Over the past few weeks, Ohio AEP has been clearing trees, branches and brush from around electrical facilities that provide power to homes and businesses.
AEP has hired Asplundh Tree Expert Co. to do the trimming, which is to prevent power outages and interference from large branches, said Shelly Clark of AEP Ohio corporate communication.
"During an ice storm in 2005, there was a lot of tree damage in the area that could've been avoided if, basically, trimming had been done," she said. "Costumers did not want the trimming done, so we left the area and moved on to a different area. A lot of that could've been avoided if we did the cycle route trimming."
Back in 2009, AEP started the aggressive tree-trimming program, which is a four-year cycle to remove vegetation around power lines.
The program was put into place to prevent power outages. It also can help reduce the duration of on outage, Clark said.
Before the aggressive tree-trimming program, AEP would conduct "spot trimming," which means they would trim in places that received a higher frequency of power outages, Clark said.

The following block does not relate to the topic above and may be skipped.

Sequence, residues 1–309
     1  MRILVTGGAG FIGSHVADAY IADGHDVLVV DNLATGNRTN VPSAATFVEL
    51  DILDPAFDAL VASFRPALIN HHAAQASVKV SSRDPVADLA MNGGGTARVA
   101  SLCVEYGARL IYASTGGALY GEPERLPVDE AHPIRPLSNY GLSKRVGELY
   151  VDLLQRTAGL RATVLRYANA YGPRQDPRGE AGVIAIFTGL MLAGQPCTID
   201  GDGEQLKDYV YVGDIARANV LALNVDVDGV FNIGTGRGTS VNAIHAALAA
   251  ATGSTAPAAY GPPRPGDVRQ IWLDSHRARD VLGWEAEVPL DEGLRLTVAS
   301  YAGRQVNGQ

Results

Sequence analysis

"We have the right of way, we have an easement that we are allowed to trim," she said. "When it comes to dealing with the customer, we try and make a compromise. We have a legal right to trim the right of way."
Clark said property owners are notified before work is scheduled. She said AEP sends out a planner to patrol the areas and determine what work needs to be done.
AEP follows the standards of the International Society of Arboriculture, American National Standards Institute and the National Arborist Association, she said.
Tiffin resident Gene Logan, who has lived in his home on South Washington Street for about 20 years, said he is unhappy with the way his trees were cut.
"Boy, they skinned it so bad, I'm going to be burning up this summer," he said.
Logan said an Asplundh employee told him his tree was trimmed more because it is a maple tree, and they grow about 6 feet a year. Logan said if the tree grew 6 feet per year, the branches would have hit his house by now.
According to AEP Ohio's website, each tree is trimmed differently, and guidelines are followed when trimming to ensure the health and growth of the tree.
"If they would've did what they said on the pamphlet, I would still have about 12 feet of tree, but I don't," he said.
According to its website, AEP tries to "strike a balance between service reliability and respect for the natural landscape."